All of Christ for All of Life
Grace Alone, Faith Alone, Christ Alone

19 January 2021 – 1 Thessalonians 4:9-12

Now concerning brotherly love you have no need for anyone to write to you, for you yourselves have been taught by God to love one another, for that indeed is what you are doing to all the brothers throughout Macedonia. But we urge you, brothers, to do this more and more, and to aspire to live quietly, and to mind your own affairs, and to work with your hands, as we instructed you, so that you may walk properly before outsiders and be dependent on no one. – 1 Thessalonians 4:9-12 (ESV)

You are to love one another, by aspiring to live quiet lives and by (as you are able) working hard with our hands …

so that you may walk properly before outsiders and be dependent on no one.

As N.T. Wright observes:

Outsiders, looking at a new movement that made striking claims about Jesus as Lord of the world, would be interested to see what effect it had on the behavior of the members.

Paul is pressing a rather challenging question upon all of us. How does the way that I live represent Jesus Christ and the Kingdom of God to those who have not yet come to genuine saving faith?

As the saying goes: You may be the only Bible that some people read. Now let’s be clear: Nobody is ever going to get saved simply because of your godly example. You and I are not the gospel. But, will the way that we live commend the gospel to others – or will it turn people off so that they don’t want to hear it?

This question is significant enough, that one of the qualifications for being ordained as an Elder is that a man “must be well thought of by outsiders.” Don’t misunderstand, people might think that such a man is being divisive – “because he won’t participate in the pagan sacrifices or go and get drunk with the rest of us.” They may think that he is a bigot, because he won’t celebrate homosexuality; and they may think that he is stunningly narrow-minded because he thinks that Jesus is the Way, the Truth, and the Life. The Biblical requirement for an Elder is not that unbelievers would like everything about him – nevertheless, he is to be well thought of in a range of issues related to having a well-ordered life.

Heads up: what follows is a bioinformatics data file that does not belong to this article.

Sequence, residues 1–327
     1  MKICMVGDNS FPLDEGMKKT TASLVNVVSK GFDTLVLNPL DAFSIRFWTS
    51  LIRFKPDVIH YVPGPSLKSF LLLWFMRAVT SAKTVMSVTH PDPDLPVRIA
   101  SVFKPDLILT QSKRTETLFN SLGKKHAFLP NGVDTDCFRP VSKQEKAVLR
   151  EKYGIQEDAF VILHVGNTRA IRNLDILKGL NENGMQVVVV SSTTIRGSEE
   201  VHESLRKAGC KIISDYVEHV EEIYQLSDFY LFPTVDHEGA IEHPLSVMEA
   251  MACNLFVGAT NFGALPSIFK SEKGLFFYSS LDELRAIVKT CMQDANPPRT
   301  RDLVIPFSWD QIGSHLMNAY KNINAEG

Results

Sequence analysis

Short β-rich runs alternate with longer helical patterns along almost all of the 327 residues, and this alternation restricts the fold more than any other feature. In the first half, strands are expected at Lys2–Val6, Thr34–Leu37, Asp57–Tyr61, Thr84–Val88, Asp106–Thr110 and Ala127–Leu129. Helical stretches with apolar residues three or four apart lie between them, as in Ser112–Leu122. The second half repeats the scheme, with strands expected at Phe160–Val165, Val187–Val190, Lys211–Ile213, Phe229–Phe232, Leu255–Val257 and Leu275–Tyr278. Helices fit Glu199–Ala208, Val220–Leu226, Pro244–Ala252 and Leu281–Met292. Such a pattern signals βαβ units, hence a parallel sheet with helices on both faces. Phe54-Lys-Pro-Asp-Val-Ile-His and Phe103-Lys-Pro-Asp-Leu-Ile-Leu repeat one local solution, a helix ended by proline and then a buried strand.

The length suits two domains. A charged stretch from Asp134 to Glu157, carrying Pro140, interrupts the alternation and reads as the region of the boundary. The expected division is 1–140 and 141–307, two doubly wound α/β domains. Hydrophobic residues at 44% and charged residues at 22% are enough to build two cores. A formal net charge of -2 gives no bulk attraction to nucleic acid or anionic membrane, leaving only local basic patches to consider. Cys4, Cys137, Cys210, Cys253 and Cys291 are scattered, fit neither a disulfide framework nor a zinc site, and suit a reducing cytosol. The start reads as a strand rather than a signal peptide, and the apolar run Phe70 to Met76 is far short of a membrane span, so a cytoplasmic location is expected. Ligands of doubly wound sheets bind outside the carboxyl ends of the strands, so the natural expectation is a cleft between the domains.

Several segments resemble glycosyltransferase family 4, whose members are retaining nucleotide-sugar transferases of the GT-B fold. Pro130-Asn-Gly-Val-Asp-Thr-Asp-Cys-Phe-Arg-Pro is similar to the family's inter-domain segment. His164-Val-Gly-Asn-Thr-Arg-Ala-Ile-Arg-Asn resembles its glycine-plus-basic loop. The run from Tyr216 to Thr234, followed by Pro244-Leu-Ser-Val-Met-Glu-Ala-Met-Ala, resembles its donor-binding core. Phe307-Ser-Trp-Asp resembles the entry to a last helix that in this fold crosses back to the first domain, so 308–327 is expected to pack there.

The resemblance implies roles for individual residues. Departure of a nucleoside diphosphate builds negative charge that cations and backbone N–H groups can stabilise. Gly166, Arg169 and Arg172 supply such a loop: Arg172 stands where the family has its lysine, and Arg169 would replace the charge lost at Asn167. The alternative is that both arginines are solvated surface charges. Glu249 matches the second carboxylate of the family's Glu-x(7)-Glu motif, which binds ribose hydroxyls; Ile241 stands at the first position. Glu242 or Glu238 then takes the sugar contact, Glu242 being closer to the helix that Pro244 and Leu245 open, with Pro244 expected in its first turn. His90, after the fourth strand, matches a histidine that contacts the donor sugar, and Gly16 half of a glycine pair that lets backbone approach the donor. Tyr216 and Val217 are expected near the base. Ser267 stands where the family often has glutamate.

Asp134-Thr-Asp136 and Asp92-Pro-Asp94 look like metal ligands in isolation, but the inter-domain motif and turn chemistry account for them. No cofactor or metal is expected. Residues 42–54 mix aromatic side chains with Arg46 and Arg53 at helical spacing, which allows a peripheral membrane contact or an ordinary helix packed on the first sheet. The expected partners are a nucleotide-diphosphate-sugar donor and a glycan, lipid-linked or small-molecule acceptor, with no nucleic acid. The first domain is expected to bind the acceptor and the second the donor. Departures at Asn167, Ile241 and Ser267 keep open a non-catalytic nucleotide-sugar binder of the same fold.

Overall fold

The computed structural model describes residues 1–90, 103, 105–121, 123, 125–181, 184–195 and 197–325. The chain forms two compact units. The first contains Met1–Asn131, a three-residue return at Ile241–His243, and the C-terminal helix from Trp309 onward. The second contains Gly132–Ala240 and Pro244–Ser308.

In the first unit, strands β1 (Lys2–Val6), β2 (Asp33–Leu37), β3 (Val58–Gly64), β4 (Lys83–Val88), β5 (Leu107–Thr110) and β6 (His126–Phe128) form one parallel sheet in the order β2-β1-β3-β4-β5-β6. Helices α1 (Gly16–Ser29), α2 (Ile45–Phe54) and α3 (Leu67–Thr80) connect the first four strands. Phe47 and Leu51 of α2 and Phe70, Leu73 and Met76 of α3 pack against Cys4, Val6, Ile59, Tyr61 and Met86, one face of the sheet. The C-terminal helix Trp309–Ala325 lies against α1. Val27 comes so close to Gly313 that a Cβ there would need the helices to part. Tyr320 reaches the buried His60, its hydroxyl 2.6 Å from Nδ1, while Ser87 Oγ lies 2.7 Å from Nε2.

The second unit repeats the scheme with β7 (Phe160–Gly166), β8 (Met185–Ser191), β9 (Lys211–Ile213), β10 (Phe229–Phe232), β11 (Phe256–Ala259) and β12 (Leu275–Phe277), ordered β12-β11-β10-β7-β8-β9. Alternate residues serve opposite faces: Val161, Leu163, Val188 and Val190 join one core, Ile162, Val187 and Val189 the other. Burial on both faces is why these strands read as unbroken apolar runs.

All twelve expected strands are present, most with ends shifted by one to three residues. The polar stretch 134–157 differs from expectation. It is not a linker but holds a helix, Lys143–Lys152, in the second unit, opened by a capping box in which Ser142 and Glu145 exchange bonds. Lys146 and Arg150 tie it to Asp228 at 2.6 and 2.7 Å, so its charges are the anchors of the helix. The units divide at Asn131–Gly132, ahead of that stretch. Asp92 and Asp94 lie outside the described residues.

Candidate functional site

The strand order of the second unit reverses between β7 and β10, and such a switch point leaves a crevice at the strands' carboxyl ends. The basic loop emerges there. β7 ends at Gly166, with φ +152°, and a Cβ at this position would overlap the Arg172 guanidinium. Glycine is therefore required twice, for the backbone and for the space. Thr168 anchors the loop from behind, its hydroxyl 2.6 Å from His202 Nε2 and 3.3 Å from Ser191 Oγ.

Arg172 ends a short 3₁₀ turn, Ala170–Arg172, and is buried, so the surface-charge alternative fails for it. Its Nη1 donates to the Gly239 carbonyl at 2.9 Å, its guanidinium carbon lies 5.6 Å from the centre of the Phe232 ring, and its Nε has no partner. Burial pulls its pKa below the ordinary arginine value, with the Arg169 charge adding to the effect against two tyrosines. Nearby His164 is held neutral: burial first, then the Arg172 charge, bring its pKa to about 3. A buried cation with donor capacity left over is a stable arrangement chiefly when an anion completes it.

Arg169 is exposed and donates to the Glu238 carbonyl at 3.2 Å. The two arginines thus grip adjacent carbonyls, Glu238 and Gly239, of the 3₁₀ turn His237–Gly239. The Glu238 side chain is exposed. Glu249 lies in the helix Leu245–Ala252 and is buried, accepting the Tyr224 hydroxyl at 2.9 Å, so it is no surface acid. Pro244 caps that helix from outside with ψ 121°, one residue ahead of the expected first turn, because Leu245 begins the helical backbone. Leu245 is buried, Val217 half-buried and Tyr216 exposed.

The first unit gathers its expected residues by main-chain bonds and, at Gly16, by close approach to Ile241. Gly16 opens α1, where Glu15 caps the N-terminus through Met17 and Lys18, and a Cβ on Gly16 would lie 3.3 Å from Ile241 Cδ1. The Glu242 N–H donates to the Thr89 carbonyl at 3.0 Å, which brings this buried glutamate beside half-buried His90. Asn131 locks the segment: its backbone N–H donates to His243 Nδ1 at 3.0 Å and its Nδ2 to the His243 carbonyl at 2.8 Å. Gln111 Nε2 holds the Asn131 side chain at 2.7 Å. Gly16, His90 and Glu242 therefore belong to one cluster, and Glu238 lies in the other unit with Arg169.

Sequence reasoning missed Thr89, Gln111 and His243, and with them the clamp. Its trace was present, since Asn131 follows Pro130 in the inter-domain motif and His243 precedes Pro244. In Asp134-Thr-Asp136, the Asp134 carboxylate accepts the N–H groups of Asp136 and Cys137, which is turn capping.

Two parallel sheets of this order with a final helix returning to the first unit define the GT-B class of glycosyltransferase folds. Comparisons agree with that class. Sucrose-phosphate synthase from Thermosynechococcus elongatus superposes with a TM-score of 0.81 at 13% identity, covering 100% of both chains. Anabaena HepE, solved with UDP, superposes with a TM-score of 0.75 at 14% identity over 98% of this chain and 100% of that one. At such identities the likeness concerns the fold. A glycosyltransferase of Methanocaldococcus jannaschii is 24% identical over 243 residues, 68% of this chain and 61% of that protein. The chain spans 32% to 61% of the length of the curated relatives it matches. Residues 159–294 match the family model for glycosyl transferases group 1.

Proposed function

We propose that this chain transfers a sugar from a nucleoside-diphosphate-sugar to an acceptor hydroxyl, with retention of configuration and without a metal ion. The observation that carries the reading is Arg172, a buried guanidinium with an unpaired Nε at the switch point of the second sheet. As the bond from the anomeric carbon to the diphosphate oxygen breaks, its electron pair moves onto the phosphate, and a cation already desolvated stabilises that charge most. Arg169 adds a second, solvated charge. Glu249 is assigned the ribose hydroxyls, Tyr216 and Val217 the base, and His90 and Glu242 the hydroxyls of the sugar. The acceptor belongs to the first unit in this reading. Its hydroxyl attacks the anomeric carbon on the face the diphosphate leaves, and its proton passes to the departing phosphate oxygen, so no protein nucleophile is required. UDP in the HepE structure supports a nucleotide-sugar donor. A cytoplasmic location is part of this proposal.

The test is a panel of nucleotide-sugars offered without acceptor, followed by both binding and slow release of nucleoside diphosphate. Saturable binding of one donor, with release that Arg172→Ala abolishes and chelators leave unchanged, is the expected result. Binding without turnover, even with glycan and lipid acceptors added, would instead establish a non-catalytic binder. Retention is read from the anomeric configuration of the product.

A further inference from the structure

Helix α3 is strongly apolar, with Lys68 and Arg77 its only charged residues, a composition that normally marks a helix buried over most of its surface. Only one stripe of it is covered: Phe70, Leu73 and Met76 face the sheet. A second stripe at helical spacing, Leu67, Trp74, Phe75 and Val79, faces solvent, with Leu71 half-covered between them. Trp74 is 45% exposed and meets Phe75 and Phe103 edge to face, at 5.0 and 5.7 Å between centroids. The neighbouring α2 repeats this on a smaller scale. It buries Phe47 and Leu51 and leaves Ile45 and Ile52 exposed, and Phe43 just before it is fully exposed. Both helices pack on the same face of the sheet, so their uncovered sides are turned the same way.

Listen to what comes before “being well thought of by outsiders” and consider how this unfolds a man who shows forth brotherly love, by aspiring to a quiet life while working hard with his hands. First Timothy chapter 3:

Therefore, an overseer must be above reproach, the husband of one wife, sober-minded, self-controlled, respectable, hospitable, able to teach, not a drunkard, not violent but gentle, not quarrelsome, not a lover of money. He must manage his own household well, with all dignity keeping his children submissive, or if someone does not know how to manage his own household, how will he care for God’s church? He must not be a recent convert, or he may become puffed up with conceit and fall into the condemnation of the devil. Moreover, he must be well thought of by outsiders, so that he may not fall into disgrace, into a snare of the devil.

Here’s the point: While this is a requirement for an Elder, it is God’s pattern for all of us. We might not be there yet. But this is what we are to aspire to become.

MEMORY WORK – Shorter Catechism Q/A 38
Q. 38. What benefits do believers receive from Christ at the resurrection?
A. At the resurrection, believers, being raised up in glory, shall be openly acknowledged and acquitted in the day of judgment, and made perfectly blessed in the full enjoying of God to all eternity.